Design & Home  |  Real Estate

This Might Be the Best-Hidden Bar in DC

Anheuser-Busch's new DC office—on the top floor of a Pennsylvania Avenue building—doubles as an invite-only pub.
Photos by Trent Bell Photography.

Walk through the marble-clad lobby of 1201 Pennsylvania Avenue, Northwest, take the elevator to the 12th floor, turn down a windowless corridor, take another elevator to the 13th floor, and you’re there: The new DC headquarters of Anheuser-Busch, which double as an invite-only pub.

OTJ Architects designed the beer company’s Washington outpost to house its regulatory and government affairs functions. Only eight full-time employees work in the more-than-4,000-square-foot space, but their offices aren’t really the point. The focus is the round-robin bar—which has eight selections on tap, including small-batch brews that are tough (or impossible) to find elsewhere. Since moving in over the fall, the maker of Bud Light, Michelob, and Stella Artois has hosted a number of events in its office/bar—including large receptions and more intimate food-and-beer tastings—giving its lobbying team a built-in venue to socialize with other power-brokers.

“From the very first meeting, that was very important—when they entertain, we need to be able to open it up, to have one big party,” says architect Sarah Shuba. As such, glass walls that partition conference rooms off from the bar can all slide away. The architects incorporated references to the company’s brands, such as the emerald green found throughout the space, which matches the uniforms worn by the Clydesdale hitch drivers. And the island in the kitchen area is topped with beechwood, which is used to age Budweiser.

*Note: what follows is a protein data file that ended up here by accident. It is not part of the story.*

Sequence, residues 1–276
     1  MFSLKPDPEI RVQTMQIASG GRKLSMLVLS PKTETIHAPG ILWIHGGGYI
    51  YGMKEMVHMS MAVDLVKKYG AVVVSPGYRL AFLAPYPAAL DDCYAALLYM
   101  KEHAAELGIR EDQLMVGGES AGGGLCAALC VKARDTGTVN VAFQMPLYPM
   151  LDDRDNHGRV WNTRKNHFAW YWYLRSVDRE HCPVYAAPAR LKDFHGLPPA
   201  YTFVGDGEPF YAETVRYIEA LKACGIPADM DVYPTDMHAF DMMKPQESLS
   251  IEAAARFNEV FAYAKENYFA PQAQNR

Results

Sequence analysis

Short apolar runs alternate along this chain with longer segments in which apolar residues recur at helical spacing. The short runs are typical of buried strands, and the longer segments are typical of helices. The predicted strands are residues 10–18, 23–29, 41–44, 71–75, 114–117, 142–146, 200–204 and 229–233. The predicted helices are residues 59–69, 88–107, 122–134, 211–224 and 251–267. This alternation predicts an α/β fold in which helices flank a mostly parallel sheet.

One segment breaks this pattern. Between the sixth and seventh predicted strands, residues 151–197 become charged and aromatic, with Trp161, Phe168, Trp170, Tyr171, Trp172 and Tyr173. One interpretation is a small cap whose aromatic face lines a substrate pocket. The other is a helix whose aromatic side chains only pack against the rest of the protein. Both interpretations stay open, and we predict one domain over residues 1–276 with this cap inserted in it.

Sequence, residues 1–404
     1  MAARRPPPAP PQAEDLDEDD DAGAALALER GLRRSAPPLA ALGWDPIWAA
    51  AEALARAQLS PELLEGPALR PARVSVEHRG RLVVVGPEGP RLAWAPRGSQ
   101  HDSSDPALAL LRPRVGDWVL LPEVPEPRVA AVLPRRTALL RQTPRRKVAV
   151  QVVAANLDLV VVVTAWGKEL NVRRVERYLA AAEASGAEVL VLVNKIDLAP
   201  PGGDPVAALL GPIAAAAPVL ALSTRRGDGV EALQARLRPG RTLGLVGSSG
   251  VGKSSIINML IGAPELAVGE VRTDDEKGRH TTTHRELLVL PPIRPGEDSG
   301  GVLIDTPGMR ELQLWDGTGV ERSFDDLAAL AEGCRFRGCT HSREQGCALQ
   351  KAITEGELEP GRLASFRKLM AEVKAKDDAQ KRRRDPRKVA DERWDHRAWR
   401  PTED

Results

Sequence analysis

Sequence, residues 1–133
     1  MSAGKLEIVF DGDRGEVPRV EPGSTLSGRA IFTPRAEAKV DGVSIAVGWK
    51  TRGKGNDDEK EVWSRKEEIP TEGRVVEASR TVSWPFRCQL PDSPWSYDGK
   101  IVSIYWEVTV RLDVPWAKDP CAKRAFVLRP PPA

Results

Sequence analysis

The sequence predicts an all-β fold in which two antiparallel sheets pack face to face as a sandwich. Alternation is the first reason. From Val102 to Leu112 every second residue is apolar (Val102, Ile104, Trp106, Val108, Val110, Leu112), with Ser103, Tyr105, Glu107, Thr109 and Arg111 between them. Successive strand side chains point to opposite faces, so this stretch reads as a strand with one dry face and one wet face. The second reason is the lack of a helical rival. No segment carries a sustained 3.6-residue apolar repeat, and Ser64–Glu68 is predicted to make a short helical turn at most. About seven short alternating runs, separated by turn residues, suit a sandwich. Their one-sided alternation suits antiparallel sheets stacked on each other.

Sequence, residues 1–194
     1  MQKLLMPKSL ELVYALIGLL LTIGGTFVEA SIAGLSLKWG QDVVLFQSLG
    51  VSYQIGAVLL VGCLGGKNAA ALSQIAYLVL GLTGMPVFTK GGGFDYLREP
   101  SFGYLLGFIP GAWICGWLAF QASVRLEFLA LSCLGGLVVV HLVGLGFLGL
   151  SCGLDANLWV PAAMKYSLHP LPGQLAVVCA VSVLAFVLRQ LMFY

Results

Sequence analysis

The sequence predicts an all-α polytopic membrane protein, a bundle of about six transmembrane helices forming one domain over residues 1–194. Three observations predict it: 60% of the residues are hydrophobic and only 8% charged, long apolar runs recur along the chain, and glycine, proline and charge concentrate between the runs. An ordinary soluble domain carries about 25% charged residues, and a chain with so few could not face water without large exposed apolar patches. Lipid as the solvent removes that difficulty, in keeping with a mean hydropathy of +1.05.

So, what about when they aren’t hosting parties? Can employees sample from the taps? Corporate communications manager Molly Drenkard says yes—within reason, and after the workday ends. “It’s not like a raucous environment, but we’re encouraged to understand and know the brands.”

*This story has been updated to clarify that employees are allowed to drink in the office only after their workday is over. 

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Senior Editor

Marisa M. Kashino joined Washingtonian in 2009 as a staff writer, and became a senior editor in 2014. She was previously a reporter for Legal Times and the National Law Journal. She has recently written about the Marriott family’s civil war and the 50-year rebirth of 14th Street, and reported the definitive oral history of the Lorena and John Wayne Bobbitt case. She lives in Northeast DC with her husband, two dogs, and two cats.